Eric was stuck at the mall.
He didn’t understand why it had been so important for his mom to drop him and his older sister Taryn off that day, but she sped off so fast that he felt slightly abandoned at the sight of the rear window through the haze of exhaust that the car left behind. And then he was actually abandoned when Taryn spotted some friends and barely paused to tell him she was going to look at earrings before she and the other girls vanished.
So Eric wandered. He headed toward the food court, but he didn’t have any money. After staring at the sign at Pretzels ‘N Cheese for five minutes, he decided to move on. Eventually he found himself at the children’s play area, the only place in the mall he actually liked. He climbed up and sat down on top of a large multicolored frog. If there weren’t so many people around, he would have tried out the elephant slide or hopscotched across the bit of the carpet that looked like a pond with lily pads. But at eleven and a half, he felt too old to do any of that… in public, at least.
From his perch he could see when his sister and her friends left the earring store and started ogling shoes in the shop next to it, shoes that his mom would never have given her money to buy. Taryn’s friends followed her into the store, probably to try the shoes on anyway. He sighed. What did his mom expect him to do here for an hour and a half? At least he’d found a good place to people watch.
For about fifteen minutes, Eric watched shoppers walking by, and made up stories in his head about them. A passing custodian, he supposed, was secretly a werewolf, and the mother with a stroller full of children had arrived at the mall by teleportation instead of a car. He turned his head away from the noisy family in search of another object when he saw his own face in a mirror.
No, it wasn’t a mirror. There was a boy on the other side of the play area, crouched on top of the multicolored hippo, a boy that looked exactly like Eric, except he looked like he needed a haircut.
Eric watched as the boy jumped down and crossed the play area. He looked up at Eric and asked, “Are you a ninja?”
“No,” Eric admitted.
“From an alternate universe?” the boy continued.
“Not that I know of,” Eric replied.
“Are you an alien?”
“I don’t think so.”
“Hm.” The boy seemed stumped. “I thought maybe you were because I was trying to guess which people walking by here were aliens and which ones were actually human.” He squinted up at Eric again. “Well, you’re either a doppelganger or we’re twins separated at birth. Which do you think it is?”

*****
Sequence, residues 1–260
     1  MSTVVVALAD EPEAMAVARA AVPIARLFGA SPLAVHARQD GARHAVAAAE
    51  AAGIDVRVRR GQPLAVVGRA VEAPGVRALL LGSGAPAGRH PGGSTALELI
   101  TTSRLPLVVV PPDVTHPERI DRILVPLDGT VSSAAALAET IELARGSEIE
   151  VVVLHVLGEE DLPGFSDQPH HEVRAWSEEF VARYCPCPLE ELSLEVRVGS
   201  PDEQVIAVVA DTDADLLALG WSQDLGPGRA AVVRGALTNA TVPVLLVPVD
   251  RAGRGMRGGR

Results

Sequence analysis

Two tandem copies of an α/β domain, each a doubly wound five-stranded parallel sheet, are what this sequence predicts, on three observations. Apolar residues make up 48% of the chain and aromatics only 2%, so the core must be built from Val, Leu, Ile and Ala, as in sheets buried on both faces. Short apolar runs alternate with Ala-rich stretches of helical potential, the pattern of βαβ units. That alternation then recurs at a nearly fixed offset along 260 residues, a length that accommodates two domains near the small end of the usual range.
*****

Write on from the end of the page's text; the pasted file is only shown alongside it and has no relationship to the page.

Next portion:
“I’m not a doppelganger,” Eric said, descending from high atop the frog. “So we must be twins.”
“Okay,” said the boy, accepting the idea rather easily. “Want to play Mortal Kombat?” he asked, pointing at a couple of ancient coin operated arcade games in the corner which were sharing a power outlet with some vending machines.
“Sure,” Eric agreed, and they set off.
“I wanted to play earlier but it’s boring unless you have a real opponent, I can win against the computer no problem.”
Eric nodded. Taryn wouldn’t play fighting games with him anymore either, ever since he made the mistake of telling her that she was easier to beat than the computer. He shared this with his new-found twin.
“Oh, you have an older sister?” he said. “All I’ve got is a younger brother, and my dad says he’s too little for Mortal Kombat.”
They reached the machines and Eric watched as his new brother fished around in his pockets for change and plunked the money into the machine.
“So what do you think?” he asked as they picked characters. “Were we adopted, or just mixed up in the hospital?”
Eric didn’t know how to answer this awkward question. “My mom’s never said anything about it…” he began.
All conversation ceased as the battle commenced, and Eric had a hard time achieving his usual victory. Their scores were nearly matching until, with a furious clicking of buttons, Eric’s opponent performed a move he’d never seen before, and “KO!!!” flashed across the screen.
“That was awesome!” Eric exclaimed.
“Thanks,” the boy replied modestly, but something about the way he said it made Eric think that he wouldn’t have been as happy for Eric if the situation had been reversed. “Hey, you know what we should do?”
“What?” Eric asked, watching as the boy searched through his pockets again.
“We should both enter this!” He produced a flyer for a Mortal Kombat tournament at a nearby gaming center. As Eric read it, the boy continued making plans. “Everybody else I know is training for the tournament there,” he indicated the flyer, “but hardly anybody knows about this machine, plus it’s cheaper and they don’t make you buy drinks or snacks here. We could meet here every Thursday afternoon to practice. What do you think?”
Eric grinned. “Will you teach me that move?”
“One more thing.”
“What’s your name?”
“What’s your name?”
“I hope you had a good time, honey,” Eric’s mom said as he climbed into the car and Taryn waved goodbye to your friends. “You looked so sad when I drove away, but Mommy really needed some ‘me time.’”
“It’s okay, I had fun,” Eric told her. “Hey mom?”
“Am I adopted?”
She gasped. “No, of course not! Whatever gave you that idea? I hope it’s not because I left you at the mall today, because I won’t ever do it again if you don’t like it.”
“No, it’s all right,” he said. “In fact, do you think I could come back next Thursday?”
|Writing Prompt #800|